Three million. It’s staggering, really. AncestryDNA has exceeded three million samples in its DNA database!
It took AncestryDNA three years to get the first million samples. (See “AncestryDNA Exceeds Million Mark” on my blog on 22 July 2015.)
It took them 11 months to get the next million. (See “AncestryDNA Database Reaches Two Million” on 28 June 2016.)
They have grown another million in just seven months. (See “AncestryDNA Surpasses 3 Million Customers in DNA Database” on the Ancestry blog from 10 January 2017.) That’s astonishing. Every day the AncestryDNA database gets more and more valuable.
- AncestryDNA has found 15 million close cousins (3rd cousin or closer).
- Ancestry has identified 6 million DNA circles. (For an explanation of DNA circles, see “Aaron Orr Talks Ancestry DNA at BYU Conference – #BYUFHGC” on my blog.)
- AncestryDNA is available in 37 countries (although I’m not certain collaterals have been translated into all those languages).
- Ancestry.com (parent company of AncestryDNA) has 80 million trees.
- Ancestry.com has 19 billion records (including the persons in the 80 million trees).
For more information, visit https://www.ancestry.com/dna/lp/genetic-testing-news.
Somewhere along the line, AncestryDNA gave their home page a facelift, which I hadn’t noticed:
Perhaps it was to make the page adaptable to small devices. On a smartphone, the three boxes neatly stack on top of each other.
Speaking of smartphones, have I written before about the AncestryDNA App? Have I heard of the AncestryDNA App before? I’m really losing it. Well, regardless, Ancestry released the AncestryDNA app back on 28 September 2016. Since then they have mostly made bug fixes. The app lacks many features, so perhaps they haven’t said much about it and I’m not losing it.
One thing it can do is map your ethnicity (below, left).
And it can share your ethnicity (above, right). That’s useful marketing for Ancestry.
But it can’t do any serious genealogy, like review your DNA matches. The matches icon at the bottom leads straight to a browser link (below left). (Gosh, I have 18,200 matches! I’m related in a measurable, DNA way, to almost 1% of the 3 million people in the Ancestry database. My Viking ancestors really got around!)
The final navigation icon, Settings, leads to the screen above right.
Perhaps we’ll hear more about this app when it comes a littler further along. The app is free and is available now in the iTunes app store and the Google Play app store.
I have the Ancestry app which looks similar to this, but is much better. My match list opens up in the app, and I can review all my matches, including hints, trees, and shared matches. I've had this app for several years. The one you have looks like the ancestrydna app which is decidedly less robust.ReplyDelete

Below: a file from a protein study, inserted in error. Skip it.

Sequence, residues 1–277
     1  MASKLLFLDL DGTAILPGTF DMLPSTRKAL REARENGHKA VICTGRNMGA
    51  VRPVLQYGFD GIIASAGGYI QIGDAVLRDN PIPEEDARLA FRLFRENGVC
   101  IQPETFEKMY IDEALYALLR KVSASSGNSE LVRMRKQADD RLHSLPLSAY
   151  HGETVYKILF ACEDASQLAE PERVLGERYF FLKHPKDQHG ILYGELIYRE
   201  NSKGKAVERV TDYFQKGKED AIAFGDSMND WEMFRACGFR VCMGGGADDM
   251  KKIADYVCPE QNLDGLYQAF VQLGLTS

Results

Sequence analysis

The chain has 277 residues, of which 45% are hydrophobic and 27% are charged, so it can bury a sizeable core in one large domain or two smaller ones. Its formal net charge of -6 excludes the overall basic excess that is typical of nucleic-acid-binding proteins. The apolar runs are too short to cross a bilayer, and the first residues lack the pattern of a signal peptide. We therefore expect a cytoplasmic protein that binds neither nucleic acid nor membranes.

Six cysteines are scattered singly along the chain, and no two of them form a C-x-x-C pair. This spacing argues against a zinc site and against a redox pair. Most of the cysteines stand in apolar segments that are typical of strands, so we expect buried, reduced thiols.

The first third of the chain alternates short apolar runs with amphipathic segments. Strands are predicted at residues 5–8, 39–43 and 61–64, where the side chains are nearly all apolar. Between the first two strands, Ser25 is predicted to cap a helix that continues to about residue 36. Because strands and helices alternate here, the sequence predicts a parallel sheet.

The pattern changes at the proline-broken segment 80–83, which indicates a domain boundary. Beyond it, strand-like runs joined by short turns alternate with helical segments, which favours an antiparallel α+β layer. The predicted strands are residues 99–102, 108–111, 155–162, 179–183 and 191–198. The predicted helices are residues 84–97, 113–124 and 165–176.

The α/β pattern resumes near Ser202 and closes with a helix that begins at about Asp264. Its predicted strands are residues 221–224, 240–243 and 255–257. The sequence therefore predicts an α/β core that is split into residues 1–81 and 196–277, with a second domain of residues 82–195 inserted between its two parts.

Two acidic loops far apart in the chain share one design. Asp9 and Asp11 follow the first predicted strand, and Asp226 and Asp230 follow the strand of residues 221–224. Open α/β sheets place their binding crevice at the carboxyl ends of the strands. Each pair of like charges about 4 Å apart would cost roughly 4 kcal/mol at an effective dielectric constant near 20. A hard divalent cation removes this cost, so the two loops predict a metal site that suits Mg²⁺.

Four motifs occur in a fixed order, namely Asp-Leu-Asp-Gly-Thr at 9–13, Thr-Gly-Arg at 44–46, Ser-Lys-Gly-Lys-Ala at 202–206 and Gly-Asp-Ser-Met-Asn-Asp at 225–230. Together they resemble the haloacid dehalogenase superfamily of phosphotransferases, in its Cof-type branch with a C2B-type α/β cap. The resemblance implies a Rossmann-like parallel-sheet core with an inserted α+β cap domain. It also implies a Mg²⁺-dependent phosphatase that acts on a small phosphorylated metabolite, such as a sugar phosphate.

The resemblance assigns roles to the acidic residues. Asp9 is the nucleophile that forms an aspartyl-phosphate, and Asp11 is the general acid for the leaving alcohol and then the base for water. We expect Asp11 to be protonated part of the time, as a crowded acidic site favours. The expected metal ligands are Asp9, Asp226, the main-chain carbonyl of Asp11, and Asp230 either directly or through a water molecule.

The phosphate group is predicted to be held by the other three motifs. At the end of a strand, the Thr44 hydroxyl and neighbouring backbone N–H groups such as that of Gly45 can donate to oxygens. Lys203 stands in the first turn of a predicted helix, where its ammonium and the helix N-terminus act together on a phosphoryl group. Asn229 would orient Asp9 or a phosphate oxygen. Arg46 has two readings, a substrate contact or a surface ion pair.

Too bad ancestry DNA is not as good as other sites: FTDNA and 23and me. They use a cM ratio lower than the others.ReplyDelete
AND too bad they have people confused about attaching results to their trees.
MANY DNA matches that say NO TREE actually do have trees--so always click on matches to see.
I think ancestry is not explaining this as well to customers as they did when I did my DNA test.
Ancestry has better tree info than other sites--easier to negotiate--BUT I wish they would explain better to ppl so they attach trees to individuals and I wish they would use standard cM ratios.
We are missing out on connections due to that
woops sorry Cm ratio is HIGHER than the other sites which use 6.8 or 7...last I heard ancestry uses 8cM...different than industry standard.ReplyDelete
I also suggest ppl D/L raw data to GEDmatch which gives a much more detailed ethnicity report as well as better estimates on relationships.ReplyDelete
BUT their tree set up is lousy.
I find working with several sites is best ESP doing 23and me which gives you a health report as well as finding connections for folks not necessarily interested in genealogy.
I have found many relatives on that site who did it for the health report only.
Problem is quite a few of those folks don't answer emails but some do--at least you get the names and data. I have found 2 relatives who were adopted at that site but not ancestry...until I advised them to do ancestry for better tree info.
DNA hunts are never easy---esp if you don't have a tree going back quite a ways OR you come from old families in US as I do (Pilgrims) in which endogamy plays a big art in relationships. People appear more closely related than they are by tree.
MOST of us have brick walls which is the reason we do DNA testing...but after 3rd cousins, ancestry DNA is not extremely helpful as they lump 4th-6th all in one basket & I have found their estimates to be quite conservative...often showing 3rd cousins as 4-6th---in which case you have a TON of matches to look at.
GEDmatch will give a MUCH more precise estimate on relationships. IE 3.4 vs 4.6 etc. THAT helps you narrow it down more precisely.
Anyone doing DNA should be aware that DNA does not replicate in the 50% ratio all sites use...DNA is random.
Some folks get a little more, some a little less on any given match (chromosome) ...so many DNA tests for known family members (cousins) should be done for he best results. TRY to isolate branches as best you can.
Have fun--DNA is not a miracle answer...real (paper) genealogy research must be done or results are meaningless.